2016 Fantasy Baseball: AL East Roster Moves
The last week before the season is an intriguing time for fantasy baseball players. Most people have had at least one draft before that time, but there are always surprise moves in the last week before the season starts that rock the fantasy world. Okay, maybe they don’t quite rock the fantasy world, but they do cause some serious ripples that can have lasting effects on the season. Whether it be the increasing amount of money in the sport or general managers and managers getting bolder, teams are not allowing big contracts to get in the way of putting their best team on the field.
This could clearly be seen in the AL East where a couple of teams made some big decisions on players with fairly hefty contracts. It can be scary to admit that you’ve made a mistake and it can be doubly scary to admit it as early as these teams, but it can pay off in the long run. For one thing, you should win more games and that can’t be discounted in what should be a tightly contested division. Secondly, it is important when you are trying to build a culture of winning. Of course, the downside for fantasy owners that draft early is that they may have committed draft picks for some of these guys.
Hyun-Soo Kim signed a two-year contract this offseason to become the Orioles newly printed left fielder. It seemed like a good move at the time. For his career, Kim has a .318/.406/.488 slash line in Korea. No one really expected him to produce those numbers in the big leagues, but they hoped he could at least be an average performer for a relatively reasonable rate (two years, seven million). If you can get league average performance for 3.5 million per season, it’s a steal.
Both ZIPS and Steamer projected reasonable numbers for Kim. Each had him producing OPS totals between .750 and .770 with varying rates of playing time. On a full time schedule, that would translate to around 20 home runs with 60 or more runs and RBI. Obviously, there were some fantasy owners out there that were willing to make him their fourth of fifth outfielder. Unfortunately, that wasn’t in the cards. The Orioles would like to send him down to the minors, but his contract says he has to give them his consent. He isn’t doing that. As of this writing, he still might make the team, but he certainly isn’t going to be the regular left fielder.
Verdict: It appears as if the Orioles are going to go with a committee approach in left field until someone holds down the job.
Boston Red Sox
The Red Sox threw caution to the wind when they signed Pablo Sandoval to a five-year, 95 million dollar deal. After all, he had had weight issues before and bouts with inconsistency in the past. Still, he was coming off of a brilliant performance in the playoffs. In fact, for his career, he has a .344/.389/.545 slash line in his career during the postseason. So, I suppose it made some sense for a perennial playoff contender to bet on him. Unfortunately, his 2015 season saw him produce a paltry -0.9 WAR according to baseball-reference.com.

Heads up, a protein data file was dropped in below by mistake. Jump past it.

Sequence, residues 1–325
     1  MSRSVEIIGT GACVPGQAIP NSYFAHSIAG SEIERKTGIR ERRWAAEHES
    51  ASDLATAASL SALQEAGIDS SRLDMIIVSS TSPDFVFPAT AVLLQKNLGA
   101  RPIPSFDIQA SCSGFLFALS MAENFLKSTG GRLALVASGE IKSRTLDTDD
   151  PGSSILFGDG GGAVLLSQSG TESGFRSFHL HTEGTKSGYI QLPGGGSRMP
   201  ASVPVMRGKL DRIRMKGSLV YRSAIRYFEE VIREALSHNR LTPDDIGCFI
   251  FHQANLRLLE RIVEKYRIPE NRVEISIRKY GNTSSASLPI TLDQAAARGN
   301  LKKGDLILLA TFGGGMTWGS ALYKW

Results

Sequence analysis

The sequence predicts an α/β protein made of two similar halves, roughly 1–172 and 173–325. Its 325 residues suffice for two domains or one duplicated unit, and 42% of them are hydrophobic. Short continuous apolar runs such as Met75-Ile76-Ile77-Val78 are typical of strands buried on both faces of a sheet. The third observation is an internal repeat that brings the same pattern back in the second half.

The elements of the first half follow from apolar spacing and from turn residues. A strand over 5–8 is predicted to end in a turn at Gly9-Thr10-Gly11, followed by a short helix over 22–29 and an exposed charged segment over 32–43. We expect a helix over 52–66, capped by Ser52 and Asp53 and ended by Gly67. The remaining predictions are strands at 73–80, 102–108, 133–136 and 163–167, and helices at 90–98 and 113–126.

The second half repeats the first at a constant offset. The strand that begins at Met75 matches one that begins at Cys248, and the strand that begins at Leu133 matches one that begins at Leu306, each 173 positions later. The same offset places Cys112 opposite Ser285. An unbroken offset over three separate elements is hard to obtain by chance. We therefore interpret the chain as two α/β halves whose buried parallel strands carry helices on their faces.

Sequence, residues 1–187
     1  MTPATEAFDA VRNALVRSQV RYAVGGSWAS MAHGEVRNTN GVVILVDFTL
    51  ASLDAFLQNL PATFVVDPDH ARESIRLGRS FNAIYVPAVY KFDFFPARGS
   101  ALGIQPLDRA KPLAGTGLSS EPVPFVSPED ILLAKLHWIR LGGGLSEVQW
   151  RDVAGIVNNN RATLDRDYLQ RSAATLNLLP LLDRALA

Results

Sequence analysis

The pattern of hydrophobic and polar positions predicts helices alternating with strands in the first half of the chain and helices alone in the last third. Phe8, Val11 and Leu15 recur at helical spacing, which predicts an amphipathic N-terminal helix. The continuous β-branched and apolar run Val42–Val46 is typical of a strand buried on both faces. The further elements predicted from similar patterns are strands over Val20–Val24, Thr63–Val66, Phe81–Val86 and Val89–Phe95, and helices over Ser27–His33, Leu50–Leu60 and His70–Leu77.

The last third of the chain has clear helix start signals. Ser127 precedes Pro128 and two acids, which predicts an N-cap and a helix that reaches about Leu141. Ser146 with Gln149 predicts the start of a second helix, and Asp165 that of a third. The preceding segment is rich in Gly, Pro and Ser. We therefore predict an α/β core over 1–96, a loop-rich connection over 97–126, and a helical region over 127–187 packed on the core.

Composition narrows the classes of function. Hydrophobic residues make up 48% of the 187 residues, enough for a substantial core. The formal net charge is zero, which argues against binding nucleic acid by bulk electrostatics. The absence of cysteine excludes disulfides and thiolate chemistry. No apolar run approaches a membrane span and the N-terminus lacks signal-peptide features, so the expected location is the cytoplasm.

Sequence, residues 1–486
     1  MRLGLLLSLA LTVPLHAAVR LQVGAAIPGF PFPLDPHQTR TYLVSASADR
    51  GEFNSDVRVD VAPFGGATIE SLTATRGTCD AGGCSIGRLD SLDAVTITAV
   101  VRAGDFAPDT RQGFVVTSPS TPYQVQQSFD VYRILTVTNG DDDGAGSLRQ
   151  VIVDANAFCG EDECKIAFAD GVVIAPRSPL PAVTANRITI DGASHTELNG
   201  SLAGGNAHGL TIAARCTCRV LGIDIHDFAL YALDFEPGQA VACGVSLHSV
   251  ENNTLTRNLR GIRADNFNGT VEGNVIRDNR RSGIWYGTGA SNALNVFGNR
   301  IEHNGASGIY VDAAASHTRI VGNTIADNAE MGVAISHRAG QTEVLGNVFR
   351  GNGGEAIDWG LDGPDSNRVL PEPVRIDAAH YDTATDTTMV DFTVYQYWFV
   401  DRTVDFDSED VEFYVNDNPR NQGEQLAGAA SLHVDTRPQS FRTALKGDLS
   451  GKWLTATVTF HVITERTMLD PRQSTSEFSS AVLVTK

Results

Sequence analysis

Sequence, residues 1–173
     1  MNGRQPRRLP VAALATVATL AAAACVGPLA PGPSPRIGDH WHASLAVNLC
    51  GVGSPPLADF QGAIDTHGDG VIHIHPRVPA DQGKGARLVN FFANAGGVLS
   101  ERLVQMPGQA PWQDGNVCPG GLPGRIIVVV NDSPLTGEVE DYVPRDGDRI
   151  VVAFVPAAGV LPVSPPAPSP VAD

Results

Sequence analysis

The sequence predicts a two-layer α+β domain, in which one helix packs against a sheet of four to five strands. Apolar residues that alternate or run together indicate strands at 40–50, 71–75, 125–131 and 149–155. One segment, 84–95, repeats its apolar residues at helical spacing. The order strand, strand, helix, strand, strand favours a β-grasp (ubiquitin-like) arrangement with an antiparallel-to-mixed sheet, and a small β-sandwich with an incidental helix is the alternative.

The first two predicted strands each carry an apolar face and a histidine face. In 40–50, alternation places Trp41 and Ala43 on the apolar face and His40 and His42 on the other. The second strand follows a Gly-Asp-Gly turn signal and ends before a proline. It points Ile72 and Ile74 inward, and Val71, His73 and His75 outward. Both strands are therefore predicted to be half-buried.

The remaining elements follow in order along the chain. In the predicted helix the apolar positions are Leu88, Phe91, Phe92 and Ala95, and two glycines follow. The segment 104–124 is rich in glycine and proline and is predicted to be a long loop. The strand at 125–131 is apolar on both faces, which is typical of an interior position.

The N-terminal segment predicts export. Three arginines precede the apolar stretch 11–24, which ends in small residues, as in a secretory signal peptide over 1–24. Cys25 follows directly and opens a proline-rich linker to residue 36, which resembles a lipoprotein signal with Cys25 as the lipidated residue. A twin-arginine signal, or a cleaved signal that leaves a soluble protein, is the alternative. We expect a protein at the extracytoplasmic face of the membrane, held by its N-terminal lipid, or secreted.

Still, a player making 19 million per season usually gets extra chances to prove himself and there were a number of fantasy players willing to bet on a comeback season. I suppose anything is possible, but the Red Sox seem to be moving on. They’ve inserted Travis Shaw in at third base and are putting Sandoval on the market. There is a rumor that the Padres might have some interest and they might be willing to deal James Shields in exchange.
Verdict: Sandoval owners should monitor this situation in case he gets dealt. Shaw has some experience, but they may be willing to go back to Pablo if Shaw struggles.
Tampa Bay Rays
Even a small market team like the Rays are getting in on the action. They signed James Loney two years ago to a three year, 21 million dollar deal. It seemed excessive at the time and it became more excessive as his offensive production went down. Last year, he produced a .680 OPS. He has always been teetering on the edge of replacement level performance for years. He used to be a plus defender, but that stopped in 2014. The Rays decided to either cut him or trade him before the beginning of the season.
Naturally, the loss of James Loney is not a loss for fantasy owners. It is the ripple effect that makes the big difference. Pulling Loney from the lineup opens up Logan Morrison to play first base. That opens up Steve Souza to play right field and Corey Dickerson to become the designated hitter. So, the move makes each a little more valuable in fantasy terms because each will get more playing time.
Verdict: James Loney may get some run with either the Pirates or the Padres, but both will wait for him to clear waivers.